After Cecil was released from the hospital, the family tried staying in their daughter’s motor home.

“But then, (Cecil) kept getting sick,” Scarbrough said. “The Mississippi air quality was just too bad. The hurricane brought up a lot of stuff.”

The doctor treating Cecil at the time informed the family that it could be years before he could return to his home in Mississippi.

The family’s Mississippi home was called a “healthy house” and was specially built in 2000. To build a similar home in Champaign would cost the family $355,000.

“We just didn’t have that (money),” Scarbrough said. “So, we had to take an older home and make it into a healthy house.”

They found the home at 401 N. Prospect Ave. after a lengthy search. This home was the only one in the area that passed an air quality test, a test necessary to make sure the home is livable for their son.

After buying the house, the Scarbroughs spent about $50,000 modifying it to preserve Cecil’s health. The house needed special paint, plumbing redone, all the carpeting and gas appliances removed and a heavy-duty air filtering system installed.

They even moved the laundry room upstairs from the basement. If mortar dust from the basement’s brick walls got on Cecil’s clothes, it would be harmful to his health.

“It’s really not an option just to up and move again,” Scarbrough said. “We’re hoping to be here for a long time.” She added that if they are still ordered to cut the bushes down, they don’t have many options available.

Dist. 4 Council member Marci Dodds said that normally, the Neighborhood Services department is able to come to a compromise when they receive complaints like this.

Beth Scarbrough said she has been in contact with the previous owner of the home, and they received the same complaint in June 2004. The previous owner was allowed to keep the hedges up.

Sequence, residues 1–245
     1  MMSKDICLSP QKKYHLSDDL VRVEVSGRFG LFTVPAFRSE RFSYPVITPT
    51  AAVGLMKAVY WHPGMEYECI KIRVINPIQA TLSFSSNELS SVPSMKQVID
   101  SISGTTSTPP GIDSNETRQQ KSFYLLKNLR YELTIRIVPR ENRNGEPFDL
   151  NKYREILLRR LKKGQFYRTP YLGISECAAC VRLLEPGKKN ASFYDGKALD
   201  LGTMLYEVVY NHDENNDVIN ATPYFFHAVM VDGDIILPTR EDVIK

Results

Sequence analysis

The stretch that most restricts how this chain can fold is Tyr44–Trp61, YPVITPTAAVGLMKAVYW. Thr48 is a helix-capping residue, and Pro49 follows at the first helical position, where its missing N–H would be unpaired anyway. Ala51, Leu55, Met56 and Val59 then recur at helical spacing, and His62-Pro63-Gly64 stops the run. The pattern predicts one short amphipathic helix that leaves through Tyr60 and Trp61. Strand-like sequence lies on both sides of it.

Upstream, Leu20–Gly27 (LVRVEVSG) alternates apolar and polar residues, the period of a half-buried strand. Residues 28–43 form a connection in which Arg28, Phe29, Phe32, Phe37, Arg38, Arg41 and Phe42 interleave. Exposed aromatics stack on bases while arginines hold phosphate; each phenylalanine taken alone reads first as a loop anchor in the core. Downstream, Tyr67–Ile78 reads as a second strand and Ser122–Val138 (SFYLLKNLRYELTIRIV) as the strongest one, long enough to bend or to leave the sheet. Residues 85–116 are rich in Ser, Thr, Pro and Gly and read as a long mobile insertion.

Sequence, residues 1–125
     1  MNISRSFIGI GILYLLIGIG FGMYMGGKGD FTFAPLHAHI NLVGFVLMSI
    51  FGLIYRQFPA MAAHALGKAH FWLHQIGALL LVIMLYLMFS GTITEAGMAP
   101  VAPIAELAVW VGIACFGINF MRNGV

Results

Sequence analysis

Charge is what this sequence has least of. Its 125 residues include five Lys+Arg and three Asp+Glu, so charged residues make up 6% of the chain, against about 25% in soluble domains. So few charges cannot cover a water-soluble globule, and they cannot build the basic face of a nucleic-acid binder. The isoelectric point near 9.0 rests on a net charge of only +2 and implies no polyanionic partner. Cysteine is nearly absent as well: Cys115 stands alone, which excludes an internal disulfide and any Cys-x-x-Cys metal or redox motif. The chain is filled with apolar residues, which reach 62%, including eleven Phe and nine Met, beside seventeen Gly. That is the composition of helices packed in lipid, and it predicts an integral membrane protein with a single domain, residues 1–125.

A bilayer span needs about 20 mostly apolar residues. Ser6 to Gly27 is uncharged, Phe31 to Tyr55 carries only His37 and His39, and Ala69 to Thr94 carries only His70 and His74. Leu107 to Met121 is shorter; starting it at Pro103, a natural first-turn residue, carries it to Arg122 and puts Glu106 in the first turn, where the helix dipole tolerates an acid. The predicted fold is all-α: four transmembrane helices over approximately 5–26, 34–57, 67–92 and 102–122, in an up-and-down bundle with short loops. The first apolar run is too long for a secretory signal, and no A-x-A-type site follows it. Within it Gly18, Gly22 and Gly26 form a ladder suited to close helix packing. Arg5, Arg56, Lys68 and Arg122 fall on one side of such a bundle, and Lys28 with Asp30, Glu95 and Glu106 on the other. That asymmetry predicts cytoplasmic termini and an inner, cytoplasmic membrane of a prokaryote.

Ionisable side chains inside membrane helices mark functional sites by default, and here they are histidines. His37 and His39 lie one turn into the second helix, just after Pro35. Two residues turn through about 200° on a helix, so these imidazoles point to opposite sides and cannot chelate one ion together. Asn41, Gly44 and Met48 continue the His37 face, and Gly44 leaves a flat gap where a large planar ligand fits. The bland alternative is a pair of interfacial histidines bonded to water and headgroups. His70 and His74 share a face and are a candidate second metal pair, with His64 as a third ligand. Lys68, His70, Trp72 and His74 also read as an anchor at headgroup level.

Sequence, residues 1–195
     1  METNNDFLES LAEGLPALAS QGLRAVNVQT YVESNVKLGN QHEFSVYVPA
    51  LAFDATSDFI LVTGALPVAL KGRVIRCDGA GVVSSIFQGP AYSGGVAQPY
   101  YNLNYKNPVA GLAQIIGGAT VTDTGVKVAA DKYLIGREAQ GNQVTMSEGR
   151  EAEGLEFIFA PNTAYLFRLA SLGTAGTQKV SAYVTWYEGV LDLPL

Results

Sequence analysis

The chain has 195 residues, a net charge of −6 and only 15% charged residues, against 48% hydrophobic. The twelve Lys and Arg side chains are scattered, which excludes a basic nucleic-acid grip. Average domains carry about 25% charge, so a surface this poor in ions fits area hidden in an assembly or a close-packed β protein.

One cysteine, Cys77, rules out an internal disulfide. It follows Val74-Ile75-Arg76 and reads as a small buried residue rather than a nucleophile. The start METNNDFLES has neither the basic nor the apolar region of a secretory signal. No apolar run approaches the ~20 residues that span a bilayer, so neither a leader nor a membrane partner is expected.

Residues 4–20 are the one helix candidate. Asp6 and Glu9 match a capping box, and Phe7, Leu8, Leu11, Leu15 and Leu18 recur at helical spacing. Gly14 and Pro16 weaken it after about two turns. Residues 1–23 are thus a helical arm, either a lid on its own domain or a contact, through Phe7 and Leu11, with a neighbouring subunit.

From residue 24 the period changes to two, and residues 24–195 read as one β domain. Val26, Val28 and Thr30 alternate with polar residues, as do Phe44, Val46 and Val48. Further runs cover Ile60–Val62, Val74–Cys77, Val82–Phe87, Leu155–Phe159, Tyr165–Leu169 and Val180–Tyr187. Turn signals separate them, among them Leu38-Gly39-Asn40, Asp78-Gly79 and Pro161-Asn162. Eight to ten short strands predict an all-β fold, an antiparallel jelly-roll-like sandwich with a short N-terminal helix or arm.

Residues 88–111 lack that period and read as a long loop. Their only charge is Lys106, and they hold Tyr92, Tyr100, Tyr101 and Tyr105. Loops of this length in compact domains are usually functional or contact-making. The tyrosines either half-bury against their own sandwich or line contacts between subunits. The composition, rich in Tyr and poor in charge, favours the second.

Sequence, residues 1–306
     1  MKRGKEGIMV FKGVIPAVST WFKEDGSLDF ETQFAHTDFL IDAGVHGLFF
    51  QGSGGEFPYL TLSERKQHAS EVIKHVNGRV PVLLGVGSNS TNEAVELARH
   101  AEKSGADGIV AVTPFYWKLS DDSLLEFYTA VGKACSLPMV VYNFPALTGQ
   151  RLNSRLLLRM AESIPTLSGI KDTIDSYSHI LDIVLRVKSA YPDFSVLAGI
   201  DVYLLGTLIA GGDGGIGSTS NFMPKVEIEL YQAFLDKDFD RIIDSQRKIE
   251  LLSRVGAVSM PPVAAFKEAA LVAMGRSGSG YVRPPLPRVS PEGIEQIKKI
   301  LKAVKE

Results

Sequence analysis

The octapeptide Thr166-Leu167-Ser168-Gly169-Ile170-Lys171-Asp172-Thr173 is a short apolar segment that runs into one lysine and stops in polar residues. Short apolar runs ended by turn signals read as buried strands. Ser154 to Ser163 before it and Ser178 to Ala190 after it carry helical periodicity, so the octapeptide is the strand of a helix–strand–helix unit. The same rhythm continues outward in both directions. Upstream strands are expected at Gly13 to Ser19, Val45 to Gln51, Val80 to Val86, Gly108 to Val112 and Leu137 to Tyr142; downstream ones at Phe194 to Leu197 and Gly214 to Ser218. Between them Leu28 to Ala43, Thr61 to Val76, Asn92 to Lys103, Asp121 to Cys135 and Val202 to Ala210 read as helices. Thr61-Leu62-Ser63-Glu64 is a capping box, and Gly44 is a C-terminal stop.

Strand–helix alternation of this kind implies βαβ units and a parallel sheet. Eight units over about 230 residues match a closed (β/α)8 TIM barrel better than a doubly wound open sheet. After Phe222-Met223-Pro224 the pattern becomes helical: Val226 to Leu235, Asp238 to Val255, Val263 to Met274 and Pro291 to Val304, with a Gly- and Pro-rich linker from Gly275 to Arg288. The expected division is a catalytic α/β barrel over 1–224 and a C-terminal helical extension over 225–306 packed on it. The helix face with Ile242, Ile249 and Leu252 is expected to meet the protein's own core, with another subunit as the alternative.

“Something must have gone horribly awry in the phone call between Ms. Scarbrough and Ms. Salzman,” Dodds said. “Usually the city will come out, look at it and then start working with the owner.

“When you’ve got a special case like the Scarbroughs’, it’s very rare that the city will be heavy fisted about it.”

Dodds added that the city only imposes heavy fines on residents who are repeat offenders, or if they are “completely intractable.” Most often, she said, city officials are very willing to work with the citizens.

“The people who work for the city are very aware that they work for the taxpayers,” Dodds said.

Scarbrough said that the phone conversation between her and Salzman “went downhill” after they could not initially come to a compromise.

“I think (Salzman) was probably having a bad day, and I was having a bad day,” Scarbrough said. “I understand she was just trying to do her job. I was just trying to do my job as a mother.”

Dodds said she believes this issue is solvable, and that there is a good chance both sides will be satisfied when it comes to its conclusion.

“Prospect Avenue is very busy and it’s one of the more narrow streets in town. There’s no denying that there is a safety factor here,” Dodds said. “There’s also no denying that, for the Scarbroughs, there is a safety factor for their child. I think that there are probably several solutions that can be found that will work for both of them.”

Dodds said she hopes that when the issue is resolved, the Scarbroughs and other residents will “feel the city will work with them and not just dictate to them.”

Scarbrough said that ultimately, they want to be good citizens and to be treated like everyone else in Champaign.

“I don’t want people thinking that we’re outsiders and we’re coming in here and we want all these special privileges,” Scarbrough said. “I just want a nice life with my children.”

Salzman said the case is on hold until May 9 when they can hopefully come to a compromise that will work for everybody.